Saturday, November 12, 2011

Canadian Officials, "no confirmed cases of infectious salmon anaemia in wild or farmed salmon in BC."

A press release last week from the Canadian Food Inspection (CFI) agency stated unequivocally that ISA is not in BC, this despite previous tests both at the world reference laboratory for ISA and at an independent lab in Norway had confirmed the presence of the disease in two juvenile salmon from Rivers Inlet, BC. Since the two individuals tested positive for ISA in Rivers Inlet, independent testing on coho and chum sampled in the Lower Fraser has also confirmed the presence of ISA in BC. Yet the agencies responsible for the well being of wild salmon in British Columbia remain woefully behind the eight ball, happy to continue denying the presence of the disease.

Canadian officials have long had a close relationship with the fish farming industry but the latest turn is an egregious affront to the precautionary principle that should be guiding the management of wild salmon and aquaculture in BC, and its only a matter of time before they are exposed. The sad truth is, there is almost 100% certainty that ISA is in BC. The PCR tests administered on the samples at the world reference lab amplifies particular parts of the viral genome making false positives extremely unlikely. Until now the disease has never before been documented in the Pacific and there is literally only one place it could have come from...farmed salmon.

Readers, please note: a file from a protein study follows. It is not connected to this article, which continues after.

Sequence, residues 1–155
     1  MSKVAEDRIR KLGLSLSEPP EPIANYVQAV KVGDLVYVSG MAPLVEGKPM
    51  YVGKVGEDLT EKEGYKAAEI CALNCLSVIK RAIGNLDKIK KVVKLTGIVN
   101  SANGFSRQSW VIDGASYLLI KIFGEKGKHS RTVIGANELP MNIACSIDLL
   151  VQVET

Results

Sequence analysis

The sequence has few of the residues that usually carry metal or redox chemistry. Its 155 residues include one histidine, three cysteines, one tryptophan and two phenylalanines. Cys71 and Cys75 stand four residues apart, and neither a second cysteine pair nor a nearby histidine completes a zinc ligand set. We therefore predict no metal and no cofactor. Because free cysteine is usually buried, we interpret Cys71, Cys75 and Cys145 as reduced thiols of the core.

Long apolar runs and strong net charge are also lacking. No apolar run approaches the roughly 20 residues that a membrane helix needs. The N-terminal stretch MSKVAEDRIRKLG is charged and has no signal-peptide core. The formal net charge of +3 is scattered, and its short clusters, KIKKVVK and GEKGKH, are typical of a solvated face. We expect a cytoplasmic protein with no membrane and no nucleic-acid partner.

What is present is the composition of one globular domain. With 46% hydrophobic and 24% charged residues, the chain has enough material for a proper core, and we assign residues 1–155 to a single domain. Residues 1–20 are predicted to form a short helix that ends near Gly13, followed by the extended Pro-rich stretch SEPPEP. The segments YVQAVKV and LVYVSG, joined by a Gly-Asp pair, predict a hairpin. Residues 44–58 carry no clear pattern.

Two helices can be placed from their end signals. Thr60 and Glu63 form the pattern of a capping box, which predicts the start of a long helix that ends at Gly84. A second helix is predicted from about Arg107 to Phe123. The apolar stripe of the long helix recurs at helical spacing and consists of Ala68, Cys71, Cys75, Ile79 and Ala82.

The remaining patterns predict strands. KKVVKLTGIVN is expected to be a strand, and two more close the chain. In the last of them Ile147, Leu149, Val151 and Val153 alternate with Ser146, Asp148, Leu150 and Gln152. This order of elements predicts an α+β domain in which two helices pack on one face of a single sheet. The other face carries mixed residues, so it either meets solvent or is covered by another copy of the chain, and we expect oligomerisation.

Indeed, US officials are so concerned about the inability of Canadian authorities to act responsibly that federal agencies are being tasked with undertaking independent sampling, expressing concerns that the Canadian government may, " have a motive to misrepresent its findings". In light of the response by the Canadian government it appears that these concerns are more than valid and it is unfortunate that there has not been an honest attempt to get ahead of the disease by rigorously sampling farmed and wild salmon around BC.

More information from a savvy Canadian blogger:

Article from the Seattle Times:

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